David Clyde was famous for making his major league debut weeks after his high school career ended after the Rangers took him first in the 1973 draft. He flamed out due to lack of control, both pitching-wise and self-wise. His quote in an interview back in the 90s:
“I thought nothing of having a few drinks after the game — that was the way things went. But I really wasn’t an alcoholic. Yeah, I did party a little too much at times, I’ll admit to that. But I thought it was just the major-league lifestyle.”
Sadly, the bottle is still a problem for Clyde. From the Houston Press:
David Eugene Clyde, one of baseball’s great “What if?” stories, was arrested for DWI this weekend in Harris County.
Clyde is 57 now and this is his first offense. So, normally, this wouldn’t be of any notice to anyone other than close family members and maybe his employer. But when you’re a famous phenom cum cautionary tale like David Clyde, people are going to notice these things for the rest of your life.
This is happening, people.
Earlier we heard Joe Maddon being non-committal about Kyle Schwarber joining the Cubs for the World Series. Now it seems pretty clear that the Cubs are committal indeed: Jon Morosi reports that Schwarber is en route to Cleveland from Arizona on a private jet and that he’s expected to DH in Game 1 tomorrow night.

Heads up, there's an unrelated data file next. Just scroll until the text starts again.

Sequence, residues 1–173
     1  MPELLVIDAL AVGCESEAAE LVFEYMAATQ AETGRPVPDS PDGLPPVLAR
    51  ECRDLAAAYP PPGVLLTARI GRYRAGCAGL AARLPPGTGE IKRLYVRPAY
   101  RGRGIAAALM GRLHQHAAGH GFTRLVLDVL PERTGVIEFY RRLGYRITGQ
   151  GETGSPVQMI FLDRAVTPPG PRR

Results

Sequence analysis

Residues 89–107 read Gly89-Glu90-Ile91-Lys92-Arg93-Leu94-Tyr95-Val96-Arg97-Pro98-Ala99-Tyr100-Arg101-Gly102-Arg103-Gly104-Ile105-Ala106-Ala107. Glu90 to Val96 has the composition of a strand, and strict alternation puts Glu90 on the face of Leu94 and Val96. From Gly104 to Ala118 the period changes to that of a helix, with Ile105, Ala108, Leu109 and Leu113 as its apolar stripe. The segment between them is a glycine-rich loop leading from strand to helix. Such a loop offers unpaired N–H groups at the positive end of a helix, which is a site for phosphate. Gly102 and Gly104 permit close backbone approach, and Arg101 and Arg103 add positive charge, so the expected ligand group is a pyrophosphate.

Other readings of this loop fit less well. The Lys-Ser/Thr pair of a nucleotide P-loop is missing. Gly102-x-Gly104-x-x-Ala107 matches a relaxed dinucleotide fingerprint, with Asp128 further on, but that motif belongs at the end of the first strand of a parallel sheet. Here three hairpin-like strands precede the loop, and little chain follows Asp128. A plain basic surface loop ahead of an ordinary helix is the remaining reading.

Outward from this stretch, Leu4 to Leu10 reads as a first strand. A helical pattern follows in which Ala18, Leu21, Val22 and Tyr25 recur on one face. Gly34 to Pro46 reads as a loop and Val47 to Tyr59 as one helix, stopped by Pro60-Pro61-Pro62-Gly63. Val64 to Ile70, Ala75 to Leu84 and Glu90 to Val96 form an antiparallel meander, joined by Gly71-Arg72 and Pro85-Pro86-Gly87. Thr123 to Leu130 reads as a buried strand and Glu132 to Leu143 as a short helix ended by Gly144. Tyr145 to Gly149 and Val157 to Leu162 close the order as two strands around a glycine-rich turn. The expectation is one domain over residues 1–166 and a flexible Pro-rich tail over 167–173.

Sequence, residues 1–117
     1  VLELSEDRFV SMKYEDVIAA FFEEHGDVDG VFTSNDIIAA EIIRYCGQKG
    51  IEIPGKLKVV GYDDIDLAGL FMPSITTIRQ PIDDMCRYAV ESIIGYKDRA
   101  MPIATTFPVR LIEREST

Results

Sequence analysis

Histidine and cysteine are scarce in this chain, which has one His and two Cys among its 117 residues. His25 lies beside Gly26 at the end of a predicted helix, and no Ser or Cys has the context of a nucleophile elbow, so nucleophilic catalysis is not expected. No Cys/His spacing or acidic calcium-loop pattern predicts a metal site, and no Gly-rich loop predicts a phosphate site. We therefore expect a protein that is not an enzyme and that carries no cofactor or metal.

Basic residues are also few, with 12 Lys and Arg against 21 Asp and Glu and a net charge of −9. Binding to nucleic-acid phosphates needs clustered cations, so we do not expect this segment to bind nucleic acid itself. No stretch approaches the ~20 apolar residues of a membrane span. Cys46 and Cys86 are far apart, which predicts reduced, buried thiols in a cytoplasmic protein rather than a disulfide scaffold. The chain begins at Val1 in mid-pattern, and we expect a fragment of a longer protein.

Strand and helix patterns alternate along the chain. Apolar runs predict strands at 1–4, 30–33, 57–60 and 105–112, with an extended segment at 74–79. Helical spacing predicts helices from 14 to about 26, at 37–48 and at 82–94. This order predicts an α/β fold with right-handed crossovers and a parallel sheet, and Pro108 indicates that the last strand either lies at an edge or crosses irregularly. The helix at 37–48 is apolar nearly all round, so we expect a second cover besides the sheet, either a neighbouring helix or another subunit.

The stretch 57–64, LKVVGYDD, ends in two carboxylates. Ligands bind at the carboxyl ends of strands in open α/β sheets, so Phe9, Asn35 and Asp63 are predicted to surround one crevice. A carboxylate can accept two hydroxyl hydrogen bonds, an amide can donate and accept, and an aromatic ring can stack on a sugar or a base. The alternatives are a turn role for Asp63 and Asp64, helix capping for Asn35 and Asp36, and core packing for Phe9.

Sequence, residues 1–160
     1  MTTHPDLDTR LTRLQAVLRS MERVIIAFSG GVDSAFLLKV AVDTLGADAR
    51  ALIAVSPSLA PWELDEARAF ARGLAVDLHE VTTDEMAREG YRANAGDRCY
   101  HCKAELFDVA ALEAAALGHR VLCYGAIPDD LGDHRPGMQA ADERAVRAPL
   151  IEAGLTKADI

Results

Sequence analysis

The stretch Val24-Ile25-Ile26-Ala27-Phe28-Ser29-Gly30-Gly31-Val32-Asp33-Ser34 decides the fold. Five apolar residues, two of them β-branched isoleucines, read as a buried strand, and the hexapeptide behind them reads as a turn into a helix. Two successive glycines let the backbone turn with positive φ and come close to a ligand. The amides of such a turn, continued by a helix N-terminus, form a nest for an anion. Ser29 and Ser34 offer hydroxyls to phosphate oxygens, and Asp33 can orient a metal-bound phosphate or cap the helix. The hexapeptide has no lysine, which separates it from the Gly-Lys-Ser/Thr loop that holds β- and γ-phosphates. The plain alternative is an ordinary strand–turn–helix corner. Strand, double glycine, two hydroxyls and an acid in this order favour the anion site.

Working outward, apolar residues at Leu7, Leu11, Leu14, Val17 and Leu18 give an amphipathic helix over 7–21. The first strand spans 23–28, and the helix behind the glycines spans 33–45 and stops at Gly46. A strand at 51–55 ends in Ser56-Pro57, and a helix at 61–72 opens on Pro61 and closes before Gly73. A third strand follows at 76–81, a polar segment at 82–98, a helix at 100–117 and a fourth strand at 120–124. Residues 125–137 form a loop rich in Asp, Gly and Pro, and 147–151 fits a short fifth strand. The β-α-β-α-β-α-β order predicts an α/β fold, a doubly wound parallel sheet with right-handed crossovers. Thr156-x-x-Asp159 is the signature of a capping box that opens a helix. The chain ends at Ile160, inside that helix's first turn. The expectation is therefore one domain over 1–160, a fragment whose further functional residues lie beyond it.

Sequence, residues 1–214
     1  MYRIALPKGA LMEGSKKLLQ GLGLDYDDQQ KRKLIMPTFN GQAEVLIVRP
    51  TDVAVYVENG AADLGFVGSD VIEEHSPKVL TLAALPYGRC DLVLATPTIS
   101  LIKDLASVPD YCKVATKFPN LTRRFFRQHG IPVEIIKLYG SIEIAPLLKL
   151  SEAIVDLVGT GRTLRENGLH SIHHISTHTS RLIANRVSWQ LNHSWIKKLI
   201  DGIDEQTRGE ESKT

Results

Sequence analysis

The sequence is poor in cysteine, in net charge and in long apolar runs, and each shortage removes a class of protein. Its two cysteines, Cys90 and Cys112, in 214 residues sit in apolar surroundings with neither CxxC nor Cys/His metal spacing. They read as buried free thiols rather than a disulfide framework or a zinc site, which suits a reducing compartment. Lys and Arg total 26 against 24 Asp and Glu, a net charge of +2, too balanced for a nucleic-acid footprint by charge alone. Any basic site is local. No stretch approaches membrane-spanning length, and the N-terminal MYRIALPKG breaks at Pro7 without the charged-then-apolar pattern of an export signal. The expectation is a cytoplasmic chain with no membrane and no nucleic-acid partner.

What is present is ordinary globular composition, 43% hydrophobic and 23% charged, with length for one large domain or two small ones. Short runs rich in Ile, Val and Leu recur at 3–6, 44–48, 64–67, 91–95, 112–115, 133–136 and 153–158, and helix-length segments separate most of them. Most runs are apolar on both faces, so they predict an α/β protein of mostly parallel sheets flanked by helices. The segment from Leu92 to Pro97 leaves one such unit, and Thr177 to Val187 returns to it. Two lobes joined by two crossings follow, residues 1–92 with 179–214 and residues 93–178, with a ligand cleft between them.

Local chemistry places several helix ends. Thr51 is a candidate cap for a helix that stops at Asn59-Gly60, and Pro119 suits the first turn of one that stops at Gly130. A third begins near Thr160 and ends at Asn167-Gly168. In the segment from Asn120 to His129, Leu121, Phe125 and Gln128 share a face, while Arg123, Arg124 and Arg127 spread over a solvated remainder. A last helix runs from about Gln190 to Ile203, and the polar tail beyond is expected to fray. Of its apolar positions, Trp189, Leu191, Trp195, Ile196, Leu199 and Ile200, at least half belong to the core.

Schwarber hasn’t played in a game that counted since April 7. His potent bat is could be a windfall for a Cubs team that didn’t have a game-changing option at DH in the American League park.
Schwarber lost the whole season due to a knee injury, but he hit .246/.355/.487 with 16 homers and 43 RBI in 69 games as a rookie in 2015. His big coming out party was in the playoffs, however, when he hit three homers in five postseason games while going 7-for-13 with two walks in five games.
Paul Hoynes of the Cleveland Plain Dealer reports that Indians First Baseman/DH Carlos Santana shagged some flyballs in left field during the Indians’ workout today.
Sure, why not? Santana has played one game in the outfield in his major league career and that was over four years ago, but the Indians will have to play in Chicago without the DH, meaning either losing Santana’s bat or that of Mike Napoli.
It would be up to Terry Francona to decide if that happens, but ultimately I don’t think he’ll make it real and, rather, will just forget about it, because Santana’s defense out there would in no way be smooth.
I’m sorry. I’m sick today and I’m on a lot of cold medicine.